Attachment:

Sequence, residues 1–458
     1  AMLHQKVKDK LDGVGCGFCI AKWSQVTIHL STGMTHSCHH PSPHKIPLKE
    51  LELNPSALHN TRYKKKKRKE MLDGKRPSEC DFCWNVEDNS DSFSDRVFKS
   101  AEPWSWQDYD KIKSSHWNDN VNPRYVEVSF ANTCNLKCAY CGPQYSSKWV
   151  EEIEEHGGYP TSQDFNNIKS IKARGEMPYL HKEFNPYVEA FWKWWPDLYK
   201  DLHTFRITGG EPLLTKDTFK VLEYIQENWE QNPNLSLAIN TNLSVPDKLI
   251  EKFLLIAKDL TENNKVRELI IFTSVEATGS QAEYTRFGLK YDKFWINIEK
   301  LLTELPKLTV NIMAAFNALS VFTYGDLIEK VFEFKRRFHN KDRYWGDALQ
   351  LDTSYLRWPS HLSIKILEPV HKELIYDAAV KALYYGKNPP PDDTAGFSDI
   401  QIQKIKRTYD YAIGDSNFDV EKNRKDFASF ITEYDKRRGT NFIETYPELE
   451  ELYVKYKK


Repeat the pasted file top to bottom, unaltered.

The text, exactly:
Sequence, residues 1–458
     1  AMLHQKVKDK LDGVGCGFCI AKWSQVTIHL STGMTHSCHH PSPHKIPLKE
    51  LELNPSALHN TRYKKKKRKE MLDGKRPSEC DFCWNVEDNS DSFSDRVFKS
   101  AEPWSWQDYD KIKSSHWNDN VNPRYVEVSF ANTCNLKCAY CGPQYSSKWV
   151  EEIEEHGGYP TSQDFNNIKS IKARGEMPYL HKEFNPYVEA FWKWWPDLYK
   201  DLHTFRITGG EPLLTKDTFK VLEYIQENWE QNPNLSLAIN TNLSVPDKLI
   251  EKFLLIAKDL TENNKVRELI IFTSVEATGS QAEYTRFGLK YDKFWINIEK
   301  LLTELPKLTV NIMAAFNALS VFTYGDLIEK VFEFKRRFHN KDRYWGDALQ
   351  LDTSYLRWPS HLSIKILEPV HKELIYDAAV KALYYGKNPP PDDTAGFSDI
   401  QIQKIKRTYD YAIGDSNFDV EKNRKDFASF ITEYDKRRGT NFIETYPELE
   451  ELYVKYKK